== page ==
Stryker Rejuvenate Hip Implant lawyers accepting cases for stryker Hip replacement
The Stryker Rejuvenate hip replacement device has been linked to an increased risk of metallosis. Although the Stryker Rejuvenate is not a metal-on-metal hip device, it has metal-on-metal components, which are believed to be responsible for the development of metallosis in some patients. According to reports, the Stryker Rejuvenate hip implant device is linked to a high early failure rate, resulting in some patients having revision surgery to replace their hip replacement device. Lawyers are now qccepting cases for the failure of the Syryker Rejuvenate Hip replacement.
Call the new Stryker Orthopedics Rejuvenate Hip replacement Helplineand speak to a Hip Replacement Lawyer.
Stryker Rejuvenate Hip Implant
The Stryker Rejuvenate hip implant is different from other hip replacement devices in the news recently because it is not a metal-on-metal hip replacement device. Instead, the Rejuvenate hip replacement device, which uses a ceramic component, was meant as an alternative to the metal-on-metal devices. It was marketed to younger patients as a modular hip replacement, meaning the components were custom-made to fit patients better, which was supposed to result in longer-lasting hip replacement devices that offered a better range of motion.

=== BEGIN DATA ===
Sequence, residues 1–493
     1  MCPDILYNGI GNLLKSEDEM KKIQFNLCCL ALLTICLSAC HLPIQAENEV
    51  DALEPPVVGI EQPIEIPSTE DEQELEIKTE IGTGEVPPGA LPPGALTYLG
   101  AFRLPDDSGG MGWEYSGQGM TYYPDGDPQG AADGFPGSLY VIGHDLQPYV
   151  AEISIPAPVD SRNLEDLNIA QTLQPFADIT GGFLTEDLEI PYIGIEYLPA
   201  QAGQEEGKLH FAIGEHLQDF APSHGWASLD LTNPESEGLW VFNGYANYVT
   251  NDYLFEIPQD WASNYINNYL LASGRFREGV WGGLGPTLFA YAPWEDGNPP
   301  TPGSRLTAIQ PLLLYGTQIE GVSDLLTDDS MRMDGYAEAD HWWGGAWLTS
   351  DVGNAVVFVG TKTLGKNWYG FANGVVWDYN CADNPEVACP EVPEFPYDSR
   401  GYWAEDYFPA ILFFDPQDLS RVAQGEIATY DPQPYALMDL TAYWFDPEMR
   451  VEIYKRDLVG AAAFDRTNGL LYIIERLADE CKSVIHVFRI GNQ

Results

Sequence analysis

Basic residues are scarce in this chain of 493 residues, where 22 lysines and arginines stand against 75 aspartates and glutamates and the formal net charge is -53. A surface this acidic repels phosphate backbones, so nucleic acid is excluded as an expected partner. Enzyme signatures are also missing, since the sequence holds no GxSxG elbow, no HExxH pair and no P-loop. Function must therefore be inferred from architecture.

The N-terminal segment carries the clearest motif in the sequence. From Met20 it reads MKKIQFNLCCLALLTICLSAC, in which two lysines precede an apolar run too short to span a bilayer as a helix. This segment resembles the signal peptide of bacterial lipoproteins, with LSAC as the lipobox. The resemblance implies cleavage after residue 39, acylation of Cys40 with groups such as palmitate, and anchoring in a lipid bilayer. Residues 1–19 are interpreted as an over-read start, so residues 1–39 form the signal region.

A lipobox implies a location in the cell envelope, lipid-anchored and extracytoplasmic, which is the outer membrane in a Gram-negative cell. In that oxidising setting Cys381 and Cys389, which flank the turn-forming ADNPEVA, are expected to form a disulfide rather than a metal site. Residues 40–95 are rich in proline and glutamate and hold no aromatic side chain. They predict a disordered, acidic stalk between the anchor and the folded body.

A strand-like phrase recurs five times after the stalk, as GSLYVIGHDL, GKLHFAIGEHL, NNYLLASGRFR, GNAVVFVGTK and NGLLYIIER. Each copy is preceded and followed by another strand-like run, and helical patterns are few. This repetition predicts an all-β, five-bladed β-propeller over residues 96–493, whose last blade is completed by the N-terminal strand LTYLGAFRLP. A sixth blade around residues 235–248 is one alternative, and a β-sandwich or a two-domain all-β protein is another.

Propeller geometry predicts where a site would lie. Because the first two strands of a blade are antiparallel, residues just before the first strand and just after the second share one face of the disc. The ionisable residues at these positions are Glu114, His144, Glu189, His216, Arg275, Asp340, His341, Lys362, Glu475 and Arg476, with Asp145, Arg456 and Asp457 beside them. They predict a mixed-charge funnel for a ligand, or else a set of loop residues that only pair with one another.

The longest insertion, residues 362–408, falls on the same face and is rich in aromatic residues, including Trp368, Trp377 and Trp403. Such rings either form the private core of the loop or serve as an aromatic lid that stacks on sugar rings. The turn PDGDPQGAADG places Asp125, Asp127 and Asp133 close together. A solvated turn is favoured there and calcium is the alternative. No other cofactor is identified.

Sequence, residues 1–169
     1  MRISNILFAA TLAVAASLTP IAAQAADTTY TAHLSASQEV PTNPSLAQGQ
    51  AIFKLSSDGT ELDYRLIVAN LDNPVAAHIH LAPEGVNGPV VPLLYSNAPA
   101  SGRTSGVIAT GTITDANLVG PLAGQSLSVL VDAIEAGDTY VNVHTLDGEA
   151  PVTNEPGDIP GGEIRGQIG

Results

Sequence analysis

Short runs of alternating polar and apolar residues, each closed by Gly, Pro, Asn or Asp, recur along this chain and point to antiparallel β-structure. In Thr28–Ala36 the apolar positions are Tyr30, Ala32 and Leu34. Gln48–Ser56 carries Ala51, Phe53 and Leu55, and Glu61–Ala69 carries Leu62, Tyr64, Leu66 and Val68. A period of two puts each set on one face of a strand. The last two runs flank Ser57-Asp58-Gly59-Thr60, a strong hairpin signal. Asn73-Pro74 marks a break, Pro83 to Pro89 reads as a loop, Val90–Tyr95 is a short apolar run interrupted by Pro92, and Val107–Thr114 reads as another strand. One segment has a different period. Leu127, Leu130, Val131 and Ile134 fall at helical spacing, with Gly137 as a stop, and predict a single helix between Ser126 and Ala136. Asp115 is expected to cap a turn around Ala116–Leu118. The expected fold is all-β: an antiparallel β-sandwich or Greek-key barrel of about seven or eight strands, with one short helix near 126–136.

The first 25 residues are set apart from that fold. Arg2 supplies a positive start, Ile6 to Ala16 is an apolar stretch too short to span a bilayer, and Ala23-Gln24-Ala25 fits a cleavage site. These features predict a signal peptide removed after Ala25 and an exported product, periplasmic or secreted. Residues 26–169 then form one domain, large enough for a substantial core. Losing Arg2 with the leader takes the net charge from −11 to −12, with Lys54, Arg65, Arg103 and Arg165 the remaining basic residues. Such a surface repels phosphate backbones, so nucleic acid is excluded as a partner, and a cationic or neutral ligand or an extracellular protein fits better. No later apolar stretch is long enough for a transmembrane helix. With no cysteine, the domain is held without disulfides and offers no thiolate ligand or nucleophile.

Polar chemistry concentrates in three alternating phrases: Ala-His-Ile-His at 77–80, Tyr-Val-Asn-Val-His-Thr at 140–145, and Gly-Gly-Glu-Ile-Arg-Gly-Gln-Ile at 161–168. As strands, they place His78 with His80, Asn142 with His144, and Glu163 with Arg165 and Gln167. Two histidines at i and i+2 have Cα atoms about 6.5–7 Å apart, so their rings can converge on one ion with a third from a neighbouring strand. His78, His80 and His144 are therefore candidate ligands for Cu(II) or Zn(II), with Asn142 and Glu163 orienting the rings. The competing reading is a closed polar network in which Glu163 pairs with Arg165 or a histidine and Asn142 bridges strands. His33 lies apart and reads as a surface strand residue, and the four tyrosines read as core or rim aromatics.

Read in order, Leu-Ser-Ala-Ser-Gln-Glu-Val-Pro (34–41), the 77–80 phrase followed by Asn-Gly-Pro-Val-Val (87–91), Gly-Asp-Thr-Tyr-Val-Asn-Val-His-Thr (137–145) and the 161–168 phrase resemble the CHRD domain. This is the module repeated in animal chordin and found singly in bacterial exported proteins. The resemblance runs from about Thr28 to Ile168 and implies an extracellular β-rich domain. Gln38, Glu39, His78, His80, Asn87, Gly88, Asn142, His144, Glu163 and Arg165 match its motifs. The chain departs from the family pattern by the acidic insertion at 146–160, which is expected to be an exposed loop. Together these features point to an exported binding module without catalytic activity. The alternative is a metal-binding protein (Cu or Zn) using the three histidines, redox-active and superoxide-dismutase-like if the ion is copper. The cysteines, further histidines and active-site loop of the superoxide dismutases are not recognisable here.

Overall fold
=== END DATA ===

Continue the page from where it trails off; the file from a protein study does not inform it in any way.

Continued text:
Some patients reportedly developed metallosis after having the Stryker Rejuvenate hip device implanted. Although it was initially believed that such a condition was not possible—because the Stryker Rejuvenate does not have a metal-on-metal ball and socket design—the Stryker hip device has a metal neck piece that can, under some conditions, rub against a metal stem, causing metallic debris to come loose.
Stryker has responded to concerns about the Rejuvenate failure rate by alleging patients did not properly undergo rehabilitation following surgery, or by blaming doctors' implantation techniques. In a Product Correction Bulletin (04/25/12), Stryker officials noted, "Factors such as diabetes and infection may play a role in potential corrosion of an implant as these conditions may affect the pH of the tissue surrounding the implant."
Metallosis is an adverse tissue reaction to heavy metals in the body. It can cause pain, limited mobility, failure of the hip joint, pseudo-tumors, dissolution of the bone, DNA changes and chromosomal aberrations. Patients who have had their Stryker Rejuvenate hip implant device fail may have undergone revision surgery. Typically, hip implants are expected to last 15 to 20 years. In some cases, the Stryker Rejuvenate hips are failing in less than five years. It seems we once again have a failed hip replacement. If you or a loved one has a failed Stryker hip implant or Cobalt or Chromium poisoning call the Stryker Rejuvente Hip Replacement Helpline today.